Commercial Agency and Distribution Agreements in the UAE
“We become what we behold. We shape our tools, and thereafter our tools shape us.”
― Marshall McLuhan
What is the difference indeed between using a commercial agency or a commercial distributor in the United Arab Emirates (UAE)? Principals (foreign companies and brands in this case) face difficult decisions day in and day out to this end. Companies tend to only rely on the tools they are equipped with to help make business decisions; however, in unfamiliar territory, new decision-making tools can expedite the growth of the business substantially and place you ahead of any competition. Every business leader will agree that knowledge is power, therefore, this article will aim to equip businesses, no matter how big or small, with the knowledge on the best route to introduce their products into the UAE with the support from a commercial agent or distributor, whichever suits the toolkit (company) best.
A popular method of conducting business in the United Arab Emirates (UAE) is the formation of commercial arrangements with local and licensed agents or distributors. This is one of the primary methods of conducting business for companies based outside the country, who desires to sell their products in the UAE by foregoing the establishment of subsidiary companies in the region. Instead, companies based in foreign jurisdictions choose to contract with local companies and/or individuals, who may already have a well-established sale network in the country. In the UAE, such agreements can entail parties of two types: local agents and distributors. This section will deal with and analyse the presence of agents in the UAE, thus outlining the various facets of the legislation that governs the functioning for the same.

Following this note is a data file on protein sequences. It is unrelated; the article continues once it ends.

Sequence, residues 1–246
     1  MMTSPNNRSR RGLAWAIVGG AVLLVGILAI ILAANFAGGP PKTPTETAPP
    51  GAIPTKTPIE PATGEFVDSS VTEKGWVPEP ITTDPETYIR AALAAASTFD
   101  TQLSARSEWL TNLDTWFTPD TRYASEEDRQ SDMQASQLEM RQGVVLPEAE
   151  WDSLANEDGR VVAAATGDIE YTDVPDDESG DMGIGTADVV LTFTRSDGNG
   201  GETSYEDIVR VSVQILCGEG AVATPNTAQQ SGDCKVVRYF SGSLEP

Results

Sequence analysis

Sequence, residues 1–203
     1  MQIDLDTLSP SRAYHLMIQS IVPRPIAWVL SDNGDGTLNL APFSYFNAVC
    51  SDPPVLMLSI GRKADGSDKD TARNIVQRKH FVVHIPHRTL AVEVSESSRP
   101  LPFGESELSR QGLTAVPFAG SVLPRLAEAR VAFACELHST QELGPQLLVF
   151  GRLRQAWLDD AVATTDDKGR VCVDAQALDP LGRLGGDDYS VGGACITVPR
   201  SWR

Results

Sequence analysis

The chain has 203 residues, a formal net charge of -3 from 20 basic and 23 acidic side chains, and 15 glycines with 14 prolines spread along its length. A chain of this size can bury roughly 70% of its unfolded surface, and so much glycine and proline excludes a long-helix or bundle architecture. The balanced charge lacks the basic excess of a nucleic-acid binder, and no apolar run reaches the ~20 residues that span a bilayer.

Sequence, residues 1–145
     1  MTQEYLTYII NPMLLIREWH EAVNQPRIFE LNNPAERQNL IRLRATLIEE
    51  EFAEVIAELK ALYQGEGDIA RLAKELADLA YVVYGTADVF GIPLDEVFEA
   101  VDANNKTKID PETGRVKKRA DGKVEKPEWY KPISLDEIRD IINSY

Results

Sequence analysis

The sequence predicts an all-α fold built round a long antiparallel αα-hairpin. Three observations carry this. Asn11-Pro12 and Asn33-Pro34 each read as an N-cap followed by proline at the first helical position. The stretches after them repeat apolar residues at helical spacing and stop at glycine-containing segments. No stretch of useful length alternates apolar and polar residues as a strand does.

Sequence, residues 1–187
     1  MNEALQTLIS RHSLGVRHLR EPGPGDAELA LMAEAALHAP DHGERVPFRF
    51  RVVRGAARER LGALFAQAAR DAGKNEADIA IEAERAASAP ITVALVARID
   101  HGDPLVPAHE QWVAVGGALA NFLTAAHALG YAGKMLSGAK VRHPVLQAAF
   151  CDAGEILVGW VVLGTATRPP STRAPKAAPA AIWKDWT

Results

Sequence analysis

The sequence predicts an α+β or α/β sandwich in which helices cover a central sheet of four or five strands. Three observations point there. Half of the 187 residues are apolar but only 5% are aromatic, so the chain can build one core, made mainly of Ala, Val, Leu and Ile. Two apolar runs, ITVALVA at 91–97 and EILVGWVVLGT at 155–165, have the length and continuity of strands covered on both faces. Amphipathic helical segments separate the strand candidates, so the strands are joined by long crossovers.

In theory, such arrangements, which are known as commercial agency agreements, carry far less risk, and require minimal investment from the “principal party”, the foreign commercial party that wishes to conduct “on-shore” business in the UAE (as compared to establishing local subsidiary companies). Commercial agency arrangements allow foreign businesses to leverage the invaluable local knowledge and experience that comes from having local agents, allowing the principal party to benefit from the agent’s pre-existing relationships.
However, whilst commercial agency agreements may seem to be of great advantage to the principal party, an understanding of the intricacies that govern local customs and laws on this matter, would ensure that the parties entering into agency contracts stay aloof of any misunderstandings or complications.
UAE Legislation on Agency Law